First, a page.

US Fed promises to keep rates low

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The Independent Online

The Federal Reserve said it was prepared to step into the financial markets to buy US Treasuries in an attempt to drive down interest rates, but it gave no clues yesterday about how soon or how broad such a programme might be.

The Fed's open market committee, chaired by Ben Bernanke, said that credit markets remained "extremely tight" and that, with householders and small businesses finding it hard to get loans, economic activity had weakened further since its last meeting in December.

Yesterday's statement came at the conclusion of a two-day meeting, the first since the FOMC cut official US interest rates in effect to zero. It reiterated its target range for the federal funds rate of 0-0.25 per cent, but it has run out of room to stimulate the economy by traditional means and instead focused on interventions elsewhere in the credit markets.

The idea of buying Treasuries, a proposal it floated last time, appeared to have moved up the agenda yesterday. "The committee is prepared to purchase longer-term Treasury securities if evolving circumstances indicate that such transactions would be particularly effective in improving conditions in private credit markets," it said.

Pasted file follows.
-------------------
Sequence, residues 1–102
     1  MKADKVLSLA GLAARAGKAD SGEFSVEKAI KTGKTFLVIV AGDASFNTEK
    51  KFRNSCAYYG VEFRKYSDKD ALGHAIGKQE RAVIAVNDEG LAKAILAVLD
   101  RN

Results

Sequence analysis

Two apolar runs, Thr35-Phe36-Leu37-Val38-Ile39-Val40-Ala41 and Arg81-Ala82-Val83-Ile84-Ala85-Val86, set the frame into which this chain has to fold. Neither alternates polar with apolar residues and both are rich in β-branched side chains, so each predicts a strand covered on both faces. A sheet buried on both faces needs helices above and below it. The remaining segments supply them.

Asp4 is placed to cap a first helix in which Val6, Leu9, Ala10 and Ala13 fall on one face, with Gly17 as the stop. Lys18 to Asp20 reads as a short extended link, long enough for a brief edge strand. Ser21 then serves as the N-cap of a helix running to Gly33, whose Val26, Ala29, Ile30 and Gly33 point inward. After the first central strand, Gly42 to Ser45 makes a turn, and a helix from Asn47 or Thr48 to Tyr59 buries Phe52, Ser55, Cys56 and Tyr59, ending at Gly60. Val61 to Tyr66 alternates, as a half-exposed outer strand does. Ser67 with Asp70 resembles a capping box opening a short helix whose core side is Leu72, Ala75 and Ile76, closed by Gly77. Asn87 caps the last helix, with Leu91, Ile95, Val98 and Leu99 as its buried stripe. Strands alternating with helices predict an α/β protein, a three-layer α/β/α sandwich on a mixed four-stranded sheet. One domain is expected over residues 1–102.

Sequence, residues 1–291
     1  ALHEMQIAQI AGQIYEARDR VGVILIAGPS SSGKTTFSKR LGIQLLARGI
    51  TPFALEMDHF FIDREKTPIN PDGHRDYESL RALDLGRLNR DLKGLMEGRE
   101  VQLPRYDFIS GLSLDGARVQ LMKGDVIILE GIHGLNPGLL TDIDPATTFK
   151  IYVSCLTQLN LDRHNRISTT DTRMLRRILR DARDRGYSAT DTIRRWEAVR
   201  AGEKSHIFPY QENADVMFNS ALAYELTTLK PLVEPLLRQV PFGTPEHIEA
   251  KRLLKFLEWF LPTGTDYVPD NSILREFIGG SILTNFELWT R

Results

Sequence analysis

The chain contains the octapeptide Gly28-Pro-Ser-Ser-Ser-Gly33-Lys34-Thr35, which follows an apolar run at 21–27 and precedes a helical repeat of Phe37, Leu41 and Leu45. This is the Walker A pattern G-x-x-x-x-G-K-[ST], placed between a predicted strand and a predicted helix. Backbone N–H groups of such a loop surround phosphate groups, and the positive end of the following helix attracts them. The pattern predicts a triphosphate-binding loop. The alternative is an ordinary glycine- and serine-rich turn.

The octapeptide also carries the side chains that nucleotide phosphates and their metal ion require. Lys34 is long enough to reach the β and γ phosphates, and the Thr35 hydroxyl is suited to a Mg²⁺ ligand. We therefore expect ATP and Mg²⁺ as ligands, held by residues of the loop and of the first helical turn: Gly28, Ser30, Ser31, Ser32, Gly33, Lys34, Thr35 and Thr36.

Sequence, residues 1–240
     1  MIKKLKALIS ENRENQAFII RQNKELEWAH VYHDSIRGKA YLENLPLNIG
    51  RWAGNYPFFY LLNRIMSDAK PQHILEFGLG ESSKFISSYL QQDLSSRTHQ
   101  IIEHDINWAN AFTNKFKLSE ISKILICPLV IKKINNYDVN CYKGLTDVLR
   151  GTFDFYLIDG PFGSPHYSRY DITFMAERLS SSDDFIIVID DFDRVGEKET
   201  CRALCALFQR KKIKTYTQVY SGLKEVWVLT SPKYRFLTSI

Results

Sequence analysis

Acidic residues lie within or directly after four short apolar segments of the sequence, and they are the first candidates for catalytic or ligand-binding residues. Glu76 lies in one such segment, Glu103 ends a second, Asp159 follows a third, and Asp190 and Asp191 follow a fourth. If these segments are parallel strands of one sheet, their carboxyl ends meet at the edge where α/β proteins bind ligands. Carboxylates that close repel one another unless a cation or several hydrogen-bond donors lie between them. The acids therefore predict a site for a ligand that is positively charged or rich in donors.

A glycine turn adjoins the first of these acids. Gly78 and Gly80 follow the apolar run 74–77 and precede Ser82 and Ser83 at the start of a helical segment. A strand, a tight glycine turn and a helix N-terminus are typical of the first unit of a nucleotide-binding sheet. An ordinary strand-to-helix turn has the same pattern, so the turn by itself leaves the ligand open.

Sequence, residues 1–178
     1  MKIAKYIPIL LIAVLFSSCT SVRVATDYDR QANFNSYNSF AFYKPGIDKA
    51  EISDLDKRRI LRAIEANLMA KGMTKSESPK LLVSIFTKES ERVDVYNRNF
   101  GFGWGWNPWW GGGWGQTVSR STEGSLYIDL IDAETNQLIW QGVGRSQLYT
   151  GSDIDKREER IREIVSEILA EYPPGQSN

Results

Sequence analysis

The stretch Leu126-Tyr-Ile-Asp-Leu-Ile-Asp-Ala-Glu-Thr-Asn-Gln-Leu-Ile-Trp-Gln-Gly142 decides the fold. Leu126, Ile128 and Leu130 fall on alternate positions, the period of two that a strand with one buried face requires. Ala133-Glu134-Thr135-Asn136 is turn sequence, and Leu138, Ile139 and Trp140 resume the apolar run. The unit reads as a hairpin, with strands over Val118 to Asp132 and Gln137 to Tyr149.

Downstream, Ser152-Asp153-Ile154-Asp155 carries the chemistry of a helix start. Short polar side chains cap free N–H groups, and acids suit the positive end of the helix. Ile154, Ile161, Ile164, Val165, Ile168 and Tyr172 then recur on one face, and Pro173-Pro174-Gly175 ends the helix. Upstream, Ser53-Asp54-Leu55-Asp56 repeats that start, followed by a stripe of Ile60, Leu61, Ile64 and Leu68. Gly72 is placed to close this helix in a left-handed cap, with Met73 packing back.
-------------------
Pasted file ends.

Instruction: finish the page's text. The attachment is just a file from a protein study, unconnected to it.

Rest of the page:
One committee member, Jeffrey Lacker, dissented, saying the Fed should begin to purchase Treasuries right away, a move that would expand the monetary base and help reflate the economy.

Greg Salvaggio, the vice-president of trading at Tempus Consulting, said the statement was in line with expectations. "They've said they are now prepared to buy Treasuries, which they'd hinted at earlier. Their aim is to keep the short end of the curve compressed and boost efforts to get mortgage rates lower."

The Fed is already spending $800bn (£560bn) buying mortgage-related securities and other asset-backed debt to stimulate the credit markets. The FOMC said it expected the US economy would begin to recover this year, although it expressed for the first time a concern that deflation could take hold. "The committee sees some risk that inflation could persist for a time below rates that best foster economic growth and price stability in the longer term."